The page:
DAR ES SALAAM, Tanzania
Driving on slick tarmac across a vast expanse of wetland in Dar es Salaam, the scale of destruction from surging seawater is vividly clear.
An abandoned home with French-styled furniture sinks in water infested with green algae. An old Mercedes stands immobile in knee-deep water. A maze of abandoned apartments with a tiled red roof is engulfed with sea marshes.
As the afternoon sun dazzles Ununio beach, the Indian Ocean is moving inland in a less obvious but more destructive way.
Across the sandy beach, rising tides increasingly threaten posh homes and businesses, some of which are already swallowed in the wetland.
Driven by the intense shift of climate coupled with powerful storms, the sea level in the smoke-belching city is rising rapidly, creating powdery patches that destroy buildings and kill natural vegetation.
Adding to the peril, dry spells experienced in Dar es Salaam have reduced the natural ability of most rivers to replenish groundwater aquifers from creeping salty water.
Seawater intrusion is the movement of saltwater into freshwater aquifers, resulting in tainting fresh water.
The phenomenon which happens in the event of reduced streamflow, ostensibly due to severe drought or sea-level rise, is alarming across the east African coast, threatening freshwater sources.
From Mtwara to Pangani to Rufiji, coastal communities are increasingly braving salty water that affects ground aquifers and destroys buildings.
Saltwater, pushed inland from the Indian Ocean, is responsible for tainting fresh groundwater and causing efflorescence, which causes wall plasters to crumble.
Scientists have linked the problem to climate change as higher seas inundate wetlands and low-lying areas, thus increasing the salinity of rivers and underground water aquifers.
Globally, saline intrusion, which is a symptom of rising population, increasing groundwater use, rapid urban sprawl, and surging demand for freshwater, has affected 1 billion people, who rely on groundwater for drinking and irrigation.
At the mangrove-fringed Kunduchi estuary, mud-slides are perpetually oozing from the wetland making it extremely dangerous for families to live in their homes.
Jackson Tesha, whose home is close to the estuary, had first-hand experience of rising seas.
“I am very worried for my family. Whenever a storm hits we spend sleepless nights,” he told the Anadolu Agency.
As you stroll across the posh neighborhood of Ras Kilomoni, saltwater has percolated deep into the coastal vegetation, killing natural trees. Mangroves, which act as buffers, are the only trees standing in the area due to their tendency to tolerate salty water.
In the neighboring Mbezi beach area, the rising Indian Ocean is posing an existential threat to affluent families. Beachfront homes are increasingly gobbled up by advancing marsh, surveyed plots engulfed with salty water, menacingly moving from the sea.
While residents try to fight the advancing wetland, their efforts are in vain.
Rashid Kambi, 65, who grew up in Ununio in the late 1960s, said the inexorable advance of the ocean is the price he is paying for living near the water’s edge.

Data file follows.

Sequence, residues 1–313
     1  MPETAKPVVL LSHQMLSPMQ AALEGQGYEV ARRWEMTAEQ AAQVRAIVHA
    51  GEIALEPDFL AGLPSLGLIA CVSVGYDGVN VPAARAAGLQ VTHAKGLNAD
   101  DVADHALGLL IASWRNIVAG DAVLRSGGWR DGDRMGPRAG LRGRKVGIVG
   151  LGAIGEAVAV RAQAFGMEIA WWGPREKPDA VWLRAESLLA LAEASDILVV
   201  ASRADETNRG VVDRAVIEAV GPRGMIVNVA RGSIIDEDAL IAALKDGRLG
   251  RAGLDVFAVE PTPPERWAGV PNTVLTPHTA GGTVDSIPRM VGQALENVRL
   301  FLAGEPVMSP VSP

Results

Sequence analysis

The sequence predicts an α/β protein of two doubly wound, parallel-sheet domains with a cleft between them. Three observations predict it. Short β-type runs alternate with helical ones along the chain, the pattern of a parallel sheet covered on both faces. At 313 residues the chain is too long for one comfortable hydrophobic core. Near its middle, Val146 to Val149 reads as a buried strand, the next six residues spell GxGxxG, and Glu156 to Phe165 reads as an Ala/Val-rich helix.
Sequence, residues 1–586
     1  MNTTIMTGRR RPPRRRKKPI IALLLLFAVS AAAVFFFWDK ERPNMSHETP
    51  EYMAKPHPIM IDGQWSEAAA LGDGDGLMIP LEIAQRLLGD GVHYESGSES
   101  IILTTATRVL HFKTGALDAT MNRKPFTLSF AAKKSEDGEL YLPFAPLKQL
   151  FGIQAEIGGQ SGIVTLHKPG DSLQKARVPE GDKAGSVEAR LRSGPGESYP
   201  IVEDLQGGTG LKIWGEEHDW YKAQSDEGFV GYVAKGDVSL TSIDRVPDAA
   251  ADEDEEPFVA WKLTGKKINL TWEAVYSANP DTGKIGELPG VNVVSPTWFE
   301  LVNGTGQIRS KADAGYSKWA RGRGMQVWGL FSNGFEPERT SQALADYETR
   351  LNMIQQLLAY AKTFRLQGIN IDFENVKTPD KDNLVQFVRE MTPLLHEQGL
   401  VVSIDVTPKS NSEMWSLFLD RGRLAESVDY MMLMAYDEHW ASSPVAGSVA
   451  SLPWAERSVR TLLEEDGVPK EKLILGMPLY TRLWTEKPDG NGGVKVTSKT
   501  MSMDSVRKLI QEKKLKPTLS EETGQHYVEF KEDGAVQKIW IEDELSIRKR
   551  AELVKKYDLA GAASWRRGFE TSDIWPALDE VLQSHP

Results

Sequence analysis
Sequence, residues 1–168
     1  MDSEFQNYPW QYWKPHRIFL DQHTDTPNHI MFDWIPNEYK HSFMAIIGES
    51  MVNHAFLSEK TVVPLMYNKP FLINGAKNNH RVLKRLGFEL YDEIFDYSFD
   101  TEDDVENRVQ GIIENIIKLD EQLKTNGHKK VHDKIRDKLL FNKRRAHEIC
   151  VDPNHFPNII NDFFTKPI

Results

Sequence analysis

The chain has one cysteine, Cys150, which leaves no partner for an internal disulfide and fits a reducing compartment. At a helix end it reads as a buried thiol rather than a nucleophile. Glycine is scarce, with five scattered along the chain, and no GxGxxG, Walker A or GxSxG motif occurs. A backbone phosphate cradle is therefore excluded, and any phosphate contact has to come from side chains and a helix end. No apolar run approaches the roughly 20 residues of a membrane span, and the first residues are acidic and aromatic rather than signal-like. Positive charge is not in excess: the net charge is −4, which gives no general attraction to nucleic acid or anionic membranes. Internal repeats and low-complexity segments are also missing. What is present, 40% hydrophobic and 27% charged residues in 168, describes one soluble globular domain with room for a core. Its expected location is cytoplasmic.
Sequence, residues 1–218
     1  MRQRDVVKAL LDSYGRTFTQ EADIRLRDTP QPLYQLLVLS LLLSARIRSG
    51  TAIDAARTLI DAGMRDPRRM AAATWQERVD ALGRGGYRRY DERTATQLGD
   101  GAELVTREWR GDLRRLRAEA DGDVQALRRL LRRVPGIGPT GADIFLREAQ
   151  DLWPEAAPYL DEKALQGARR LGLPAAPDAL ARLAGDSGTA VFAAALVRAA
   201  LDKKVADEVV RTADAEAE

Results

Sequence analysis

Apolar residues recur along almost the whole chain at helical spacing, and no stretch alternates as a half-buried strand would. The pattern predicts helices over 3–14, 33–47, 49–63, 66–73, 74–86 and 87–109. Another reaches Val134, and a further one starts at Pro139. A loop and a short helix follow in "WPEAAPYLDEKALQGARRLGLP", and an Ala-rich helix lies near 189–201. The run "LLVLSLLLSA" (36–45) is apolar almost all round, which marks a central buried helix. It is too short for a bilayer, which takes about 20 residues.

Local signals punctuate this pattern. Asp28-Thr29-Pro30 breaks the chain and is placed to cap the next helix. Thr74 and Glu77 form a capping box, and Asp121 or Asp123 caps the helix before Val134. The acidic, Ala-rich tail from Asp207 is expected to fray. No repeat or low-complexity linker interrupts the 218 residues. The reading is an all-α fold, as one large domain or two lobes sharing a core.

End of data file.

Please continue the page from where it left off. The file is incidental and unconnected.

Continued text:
“This is a very serious problem which directly threatens our very survival,” he said.
Kambi, who stays in a low-lying home with a tainted corrugated roof, however, does not know the root cause of the problem.
“Forty years ago, the sea was far away from my house, but look it is just here,” he said.
House for lease
Further north at the flood-prone Nyaishozi area, many “for lease” signs stand in front of homes with visible watermarks on their walls.
“This area is flooding because waterways are blocked by homes,” said Mponie Mwaluseke, a Dar es Salaam-based agro ecologist.
“When saltwater seep into the soil before the rising sea becomes obvious, we call it the invisible flood,” he said.
Dotto Mnyenyelwa has lived at Kunduchi all his life. The 71-year-old mason said his family no longer uses well water.
Mnyenyelwa said the rising sea that first intensified in 1987 is now rising faster than at any point in time.
Zakia Ibrahim, an anthropologist at the University of Dar es Salaam who works with grassroots coastal communities, said some people have become accustomed to using salty water but others are increasingly worried about their crumbling homes.
“They see their future is in danger,” she said.
As the sea continues to rise, the saline intrusion problem intensifies since rainfall has become erratic.
Despite the assertion that sea rise is the main cause of coastal inundation, scientists say increasing human activities have a role to play.
“When fresh water depletes because of overuse, salty seawater seeps in,” said Mwaluseke.
As part of its broader push to improve water supply in the city, the government is aiming to increase surface water sources from 276,000 cubic meters per day to 576,000 by 2032.
The implementation of this plan, the government says will have a positive impact since it can potentially reduce groundwater exploitation and reduce seawater intrusion.
Because groundwater is the main source for domestic use in Dar es Salaam, the government drilled hundreds of boreholes to help residents in Kindondoni and Temeke districts.
Although the majority of city dwellers rely on groundwater supply, experts say poor development of shallow and deep aquifers increases the risk of seawater intrusion.
Silvia Macchi, professor of Urban Planning at Sapienza University in Italy who conducted research in Dar es Salam, said people living in the coastal plain are facing limited access to freshwater due to seawater intrusion in the shallow aquifer.
“Local residents are developing practices such as rainwater harvesting and changing livelihood strategies to deal with new environmental challenges,” she told Anadolu Agency.
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